Monday, November 30, 2015

Map Your Location Data with Shifted Maps

Shifted Maps is an interesting visualization of personal location data. If you use the Moves mobile application you can use Shifted Maps to view an interactive map of your own location data.

Before testing your own location data you might want to view the demo map to get a feel for how Shifted Maps works. Each location visited in your location data is shown as a zoomed-in circular map inset and the map insets are scaled to show the amount of the time spent there. The size of each circle's circumference line represents the relative number of visits.

You can refine the data shown on the map by date by using the timeline control in the map menu. You can also explore the data by geo-spatial position, travel time, and frequency of movement by using the three icon buttons in the menu. These three buttons rearrange the circular inset maps to provide different visualizations of the location data.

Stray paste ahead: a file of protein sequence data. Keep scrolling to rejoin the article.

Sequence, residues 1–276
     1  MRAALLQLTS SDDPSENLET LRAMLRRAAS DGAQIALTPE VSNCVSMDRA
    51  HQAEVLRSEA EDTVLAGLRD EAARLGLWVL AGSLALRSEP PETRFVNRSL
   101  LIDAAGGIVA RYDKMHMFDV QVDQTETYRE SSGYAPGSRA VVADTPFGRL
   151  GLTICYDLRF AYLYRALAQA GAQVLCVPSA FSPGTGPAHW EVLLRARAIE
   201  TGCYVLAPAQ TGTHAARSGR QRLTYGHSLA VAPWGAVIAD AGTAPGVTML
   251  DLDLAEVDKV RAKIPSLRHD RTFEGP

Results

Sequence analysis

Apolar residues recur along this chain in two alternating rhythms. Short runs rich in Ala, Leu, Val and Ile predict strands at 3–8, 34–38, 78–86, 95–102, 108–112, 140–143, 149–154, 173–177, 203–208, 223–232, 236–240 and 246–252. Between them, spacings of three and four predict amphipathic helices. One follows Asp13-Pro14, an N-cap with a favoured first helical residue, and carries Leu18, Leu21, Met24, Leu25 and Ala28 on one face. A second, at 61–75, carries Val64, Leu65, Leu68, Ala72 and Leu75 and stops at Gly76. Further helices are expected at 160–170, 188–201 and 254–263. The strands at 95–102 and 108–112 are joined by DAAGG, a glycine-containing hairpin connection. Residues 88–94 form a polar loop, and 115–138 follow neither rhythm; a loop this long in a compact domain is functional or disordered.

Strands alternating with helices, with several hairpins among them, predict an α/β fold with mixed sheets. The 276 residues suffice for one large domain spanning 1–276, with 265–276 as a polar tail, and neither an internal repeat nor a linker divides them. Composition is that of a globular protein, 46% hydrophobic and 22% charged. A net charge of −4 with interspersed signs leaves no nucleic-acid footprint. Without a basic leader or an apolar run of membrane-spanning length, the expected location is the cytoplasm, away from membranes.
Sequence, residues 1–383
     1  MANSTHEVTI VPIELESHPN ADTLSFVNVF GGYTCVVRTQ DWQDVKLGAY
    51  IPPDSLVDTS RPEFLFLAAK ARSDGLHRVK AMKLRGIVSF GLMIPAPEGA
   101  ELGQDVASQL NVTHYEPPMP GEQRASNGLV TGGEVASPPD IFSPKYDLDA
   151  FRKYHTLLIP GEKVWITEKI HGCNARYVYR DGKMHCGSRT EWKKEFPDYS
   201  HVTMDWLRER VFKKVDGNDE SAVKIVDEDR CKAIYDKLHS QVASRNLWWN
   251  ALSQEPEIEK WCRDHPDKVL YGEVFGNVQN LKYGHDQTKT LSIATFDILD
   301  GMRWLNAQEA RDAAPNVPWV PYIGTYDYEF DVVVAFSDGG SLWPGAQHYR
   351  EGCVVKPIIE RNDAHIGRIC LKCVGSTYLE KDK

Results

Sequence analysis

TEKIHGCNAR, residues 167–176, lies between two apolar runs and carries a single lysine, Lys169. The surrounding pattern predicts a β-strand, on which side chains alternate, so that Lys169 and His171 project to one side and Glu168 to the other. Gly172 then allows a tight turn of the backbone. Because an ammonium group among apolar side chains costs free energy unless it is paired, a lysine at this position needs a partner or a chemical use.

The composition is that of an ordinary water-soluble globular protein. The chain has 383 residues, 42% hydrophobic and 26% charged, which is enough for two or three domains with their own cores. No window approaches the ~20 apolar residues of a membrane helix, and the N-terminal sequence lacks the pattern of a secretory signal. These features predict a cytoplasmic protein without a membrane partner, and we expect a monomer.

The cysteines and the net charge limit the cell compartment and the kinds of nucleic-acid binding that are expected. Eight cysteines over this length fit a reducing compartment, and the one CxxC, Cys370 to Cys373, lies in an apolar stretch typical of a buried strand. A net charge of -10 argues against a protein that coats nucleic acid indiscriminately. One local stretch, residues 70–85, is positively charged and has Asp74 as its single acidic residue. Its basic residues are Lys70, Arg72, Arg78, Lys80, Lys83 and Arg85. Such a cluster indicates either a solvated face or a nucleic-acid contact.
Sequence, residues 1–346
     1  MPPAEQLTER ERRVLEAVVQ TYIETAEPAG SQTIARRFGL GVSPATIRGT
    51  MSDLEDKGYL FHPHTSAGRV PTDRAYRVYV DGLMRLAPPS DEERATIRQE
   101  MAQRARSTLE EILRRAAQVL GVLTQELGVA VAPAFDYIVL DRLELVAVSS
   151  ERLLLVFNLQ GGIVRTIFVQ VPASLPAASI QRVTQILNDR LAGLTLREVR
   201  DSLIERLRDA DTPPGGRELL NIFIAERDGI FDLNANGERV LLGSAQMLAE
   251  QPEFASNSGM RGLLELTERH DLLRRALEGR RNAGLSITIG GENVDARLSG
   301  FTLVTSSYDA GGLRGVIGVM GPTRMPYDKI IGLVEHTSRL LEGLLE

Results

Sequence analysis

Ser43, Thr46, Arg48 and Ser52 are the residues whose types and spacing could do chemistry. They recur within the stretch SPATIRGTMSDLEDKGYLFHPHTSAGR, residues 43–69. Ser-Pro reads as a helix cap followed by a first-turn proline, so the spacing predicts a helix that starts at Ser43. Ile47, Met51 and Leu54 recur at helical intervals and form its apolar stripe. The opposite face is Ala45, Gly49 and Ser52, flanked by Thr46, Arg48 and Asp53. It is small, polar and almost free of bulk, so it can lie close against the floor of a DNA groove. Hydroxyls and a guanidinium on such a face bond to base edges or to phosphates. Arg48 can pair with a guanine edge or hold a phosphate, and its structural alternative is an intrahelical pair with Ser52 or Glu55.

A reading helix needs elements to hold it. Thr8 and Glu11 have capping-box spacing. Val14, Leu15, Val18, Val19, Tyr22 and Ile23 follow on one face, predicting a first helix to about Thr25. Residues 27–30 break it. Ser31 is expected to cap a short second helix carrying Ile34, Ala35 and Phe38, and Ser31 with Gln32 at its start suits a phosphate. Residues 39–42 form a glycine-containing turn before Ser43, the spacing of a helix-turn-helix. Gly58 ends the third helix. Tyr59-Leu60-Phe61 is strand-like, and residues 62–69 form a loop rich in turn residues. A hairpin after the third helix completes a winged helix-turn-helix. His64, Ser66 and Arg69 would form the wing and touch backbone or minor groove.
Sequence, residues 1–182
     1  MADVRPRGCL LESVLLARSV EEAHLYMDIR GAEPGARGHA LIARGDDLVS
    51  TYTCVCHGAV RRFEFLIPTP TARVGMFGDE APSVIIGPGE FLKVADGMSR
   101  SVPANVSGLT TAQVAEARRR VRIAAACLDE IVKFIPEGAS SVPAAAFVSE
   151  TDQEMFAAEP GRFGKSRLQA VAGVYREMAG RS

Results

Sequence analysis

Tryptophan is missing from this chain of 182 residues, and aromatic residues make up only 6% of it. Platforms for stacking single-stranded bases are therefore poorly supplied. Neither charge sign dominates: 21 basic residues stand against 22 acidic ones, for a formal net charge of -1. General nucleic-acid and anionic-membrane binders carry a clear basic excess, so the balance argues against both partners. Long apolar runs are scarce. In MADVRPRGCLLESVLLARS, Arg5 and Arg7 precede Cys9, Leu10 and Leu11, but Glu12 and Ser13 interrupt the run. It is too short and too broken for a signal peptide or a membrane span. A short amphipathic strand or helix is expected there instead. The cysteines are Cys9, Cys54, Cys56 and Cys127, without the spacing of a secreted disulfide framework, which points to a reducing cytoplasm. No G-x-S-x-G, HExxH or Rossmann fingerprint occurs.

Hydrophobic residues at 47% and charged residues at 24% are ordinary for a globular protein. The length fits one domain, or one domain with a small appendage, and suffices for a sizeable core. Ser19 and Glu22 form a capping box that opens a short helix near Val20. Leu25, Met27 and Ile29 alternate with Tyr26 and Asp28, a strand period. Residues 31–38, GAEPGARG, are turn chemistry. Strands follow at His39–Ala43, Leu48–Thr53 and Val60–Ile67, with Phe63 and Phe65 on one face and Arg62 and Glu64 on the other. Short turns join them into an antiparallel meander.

The first button rearranges the map circles to visualize the places visited based on their geographic positions. The middle button provides a temporal view, rearranging the circles according to the average time it takes to travel from one location to another. The third button creates a frequency of movement visualization, places with a frequent connection are shown closer to each other than places with a less frequent connection.

Create Your Own Maps with Map Channels

If you're looking for a quick and easy way to create a Google Map then you should give Maps Channels a whirl.

With Map Channels v5 you can create a free interactive map which you can then embed on your own website or blog. Despite being quick and easy to use version 5 of Maps Channels comes with a lot of interesting options.